By Donna Gray, originally published in the Calgary Herald
Advisory Board Member

For any parent with a preschooler, they’re bound to have a tale or two of trips, flips, scrapes, and minor accidents, even during the simplest of activities.

Relax, says Leah Bell, a certified exercise physiologist and coordinator for the Be Fit for Life Centre at the University of Calgary.

It’s normal for preschool kids to be clumsy while participating in physical activities.

“There are a lot of skills a lot of skills that children learn between the ages of 0-6 such as walking, running, balance, jumping, touching, kicking, and throwing,” she says. “They really need to focus on the ABCs–agility, balance, and coordination.”

She further explains that while kids may be learning to play a sport, or simply doing a freestyle activity, their body movements and the balance and agility requires, starts in the brain first. The problem is, their grey matter is still developing, hence the chance for injury.

“There are a lot of neural connections being made in the brain during this age,” she says. “Learning a variety of skills at an early age will give them an advantage in capturing the basics, and it will also boost their self esteem.”

Kids normally become more agile and able to play organized sports by age 8 or 9. That means parents of preschoolers have a long way to go before their kid joins a league or can efficiently play catch with mom or dad.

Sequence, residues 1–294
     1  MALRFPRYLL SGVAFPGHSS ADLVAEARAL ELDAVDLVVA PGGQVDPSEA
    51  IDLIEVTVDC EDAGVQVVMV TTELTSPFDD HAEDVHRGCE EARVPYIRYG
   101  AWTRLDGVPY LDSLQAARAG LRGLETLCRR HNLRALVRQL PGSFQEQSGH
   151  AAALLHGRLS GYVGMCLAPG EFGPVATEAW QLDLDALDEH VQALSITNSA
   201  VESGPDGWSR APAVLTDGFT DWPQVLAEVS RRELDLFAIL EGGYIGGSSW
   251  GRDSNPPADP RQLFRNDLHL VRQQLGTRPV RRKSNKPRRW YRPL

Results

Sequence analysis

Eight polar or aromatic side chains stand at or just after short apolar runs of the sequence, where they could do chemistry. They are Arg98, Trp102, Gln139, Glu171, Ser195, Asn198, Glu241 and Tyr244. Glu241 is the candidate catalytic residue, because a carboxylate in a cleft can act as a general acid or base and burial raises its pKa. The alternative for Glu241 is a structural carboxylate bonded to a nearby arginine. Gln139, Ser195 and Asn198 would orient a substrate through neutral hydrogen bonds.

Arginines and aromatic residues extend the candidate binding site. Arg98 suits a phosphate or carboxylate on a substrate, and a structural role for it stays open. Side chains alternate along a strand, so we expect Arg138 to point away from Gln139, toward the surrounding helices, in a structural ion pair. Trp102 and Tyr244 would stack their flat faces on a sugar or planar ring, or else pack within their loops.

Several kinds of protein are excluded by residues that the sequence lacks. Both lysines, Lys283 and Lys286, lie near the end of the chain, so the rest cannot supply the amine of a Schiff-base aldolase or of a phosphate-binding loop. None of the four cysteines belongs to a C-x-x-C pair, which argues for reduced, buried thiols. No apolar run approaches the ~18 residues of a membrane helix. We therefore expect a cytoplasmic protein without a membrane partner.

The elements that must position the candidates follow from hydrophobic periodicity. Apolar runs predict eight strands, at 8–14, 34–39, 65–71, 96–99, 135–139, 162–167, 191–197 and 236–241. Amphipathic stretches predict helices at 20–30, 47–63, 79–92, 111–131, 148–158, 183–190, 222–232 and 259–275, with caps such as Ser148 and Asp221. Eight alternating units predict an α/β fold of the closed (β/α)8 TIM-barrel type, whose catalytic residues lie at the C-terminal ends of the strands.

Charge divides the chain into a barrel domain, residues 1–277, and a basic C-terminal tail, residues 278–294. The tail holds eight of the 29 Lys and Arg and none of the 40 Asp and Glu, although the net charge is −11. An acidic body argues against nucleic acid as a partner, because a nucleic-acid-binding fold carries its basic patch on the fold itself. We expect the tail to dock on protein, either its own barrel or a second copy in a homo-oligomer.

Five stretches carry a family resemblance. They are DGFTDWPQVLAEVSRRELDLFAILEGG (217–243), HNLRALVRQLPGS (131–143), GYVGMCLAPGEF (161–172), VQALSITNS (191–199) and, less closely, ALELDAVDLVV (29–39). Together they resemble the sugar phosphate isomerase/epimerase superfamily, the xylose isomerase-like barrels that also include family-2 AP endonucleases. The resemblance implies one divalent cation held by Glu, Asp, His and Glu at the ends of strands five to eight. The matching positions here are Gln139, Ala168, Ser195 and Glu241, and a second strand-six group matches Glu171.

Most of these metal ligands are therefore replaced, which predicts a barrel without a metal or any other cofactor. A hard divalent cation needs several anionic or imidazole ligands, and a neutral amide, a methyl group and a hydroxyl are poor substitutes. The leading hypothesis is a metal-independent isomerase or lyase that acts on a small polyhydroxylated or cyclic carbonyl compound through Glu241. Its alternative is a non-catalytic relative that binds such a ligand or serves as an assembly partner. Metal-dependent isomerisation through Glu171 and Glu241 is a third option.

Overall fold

“Expect your preschooler will be clumsy,” she says. “They’re going to fall, trip, and get hurt. The more experiences they have to practice those ABC’s, the better they’ll do over time, and in future sports.”

Bell stresses keeping a physical environment challenging, but safe at the same time. And don’t forget that their attention spans are short and sweet, so don’t expect too much dedication.

“Bring in all five senses to a sport or unstructured play,” she says. “Avoid teaching them rules of playing the games and don’t obsess over technique or competitiveness. Start with a bigger ball, and then challenge them with a smaller ball.”

Planning ahead for nicks, cuts, falls, and other boo boos is essential, according to Valerie Powell, media spokesperson for the Canada Safety Council.

“The best thing for parents to do when their child is younger is to try and keep a watchful eye on them at all times,” she says. ‘”Be there to help them along in the learning process.”

Investing in a first aid kit and protective equipment are also helpful to ensuring a child’s natural clumsiness doesn’t get the better of them.

“Use protective equipment, especially a helmet for activities such as biking, skating, and skateboarding,” she says. “Learning First Aid and/or CPR training is a good idea for parents or caregivers. Keep a first aid kit handy, and make sure the kids have properly fitted shoes.”

For more information, visit the Canada Safety Council website at

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